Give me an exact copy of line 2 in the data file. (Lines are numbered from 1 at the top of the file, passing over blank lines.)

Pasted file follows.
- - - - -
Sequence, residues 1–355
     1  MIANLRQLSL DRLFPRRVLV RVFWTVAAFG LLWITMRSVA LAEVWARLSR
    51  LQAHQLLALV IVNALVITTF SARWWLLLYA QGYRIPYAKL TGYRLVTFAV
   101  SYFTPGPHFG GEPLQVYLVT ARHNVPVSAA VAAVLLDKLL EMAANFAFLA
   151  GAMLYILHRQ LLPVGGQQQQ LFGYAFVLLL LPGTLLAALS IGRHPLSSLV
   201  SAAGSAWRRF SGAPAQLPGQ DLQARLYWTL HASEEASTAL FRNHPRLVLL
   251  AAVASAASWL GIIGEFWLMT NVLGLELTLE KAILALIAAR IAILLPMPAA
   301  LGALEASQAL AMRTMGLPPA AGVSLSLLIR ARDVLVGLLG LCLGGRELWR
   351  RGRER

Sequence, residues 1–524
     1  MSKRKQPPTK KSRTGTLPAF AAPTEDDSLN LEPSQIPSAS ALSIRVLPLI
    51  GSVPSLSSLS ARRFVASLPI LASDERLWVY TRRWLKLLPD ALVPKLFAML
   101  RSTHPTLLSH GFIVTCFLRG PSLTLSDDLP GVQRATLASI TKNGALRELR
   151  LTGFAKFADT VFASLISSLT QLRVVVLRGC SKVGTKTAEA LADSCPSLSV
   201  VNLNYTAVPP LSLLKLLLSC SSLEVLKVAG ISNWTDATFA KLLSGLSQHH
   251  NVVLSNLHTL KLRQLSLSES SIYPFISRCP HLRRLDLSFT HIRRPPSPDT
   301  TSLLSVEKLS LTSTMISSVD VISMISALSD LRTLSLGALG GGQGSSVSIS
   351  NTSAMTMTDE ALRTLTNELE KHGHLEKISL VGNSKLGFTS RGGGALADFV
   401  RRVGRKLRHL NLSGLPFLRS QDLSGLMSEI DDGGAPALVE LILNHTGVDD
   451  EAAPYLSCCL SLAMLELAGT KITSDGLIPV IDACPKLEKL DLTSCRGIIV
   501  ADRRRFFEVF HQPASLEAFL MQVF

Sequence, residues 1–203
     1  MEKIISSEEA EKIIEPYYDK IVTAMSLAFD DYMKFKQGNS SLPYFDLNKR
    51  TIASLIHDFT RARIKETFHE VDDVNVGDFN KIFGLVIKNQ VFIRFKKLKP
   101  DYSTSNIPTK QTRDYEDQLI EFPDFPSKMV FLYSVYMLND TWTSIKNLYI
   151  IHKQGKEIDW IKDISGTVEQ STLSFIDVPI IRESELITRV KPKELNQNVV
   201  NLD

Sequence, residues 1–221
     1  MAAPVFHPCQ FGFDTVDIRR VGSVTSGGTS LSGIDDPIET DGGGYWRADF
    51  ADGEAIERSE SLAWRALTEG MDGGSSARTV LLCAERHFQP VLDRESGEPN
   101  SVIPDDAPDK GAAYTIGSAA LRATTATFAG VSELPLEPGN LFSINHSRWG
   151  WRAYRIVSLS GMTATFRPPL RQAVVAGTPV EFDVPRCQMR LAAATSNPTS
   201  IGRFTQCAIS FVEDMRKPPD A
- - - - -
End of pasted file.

     1  MIANLRQLSL DRLFPRRVLV RVFWTVAAFG LLWITMRSVA LAEVWARLSR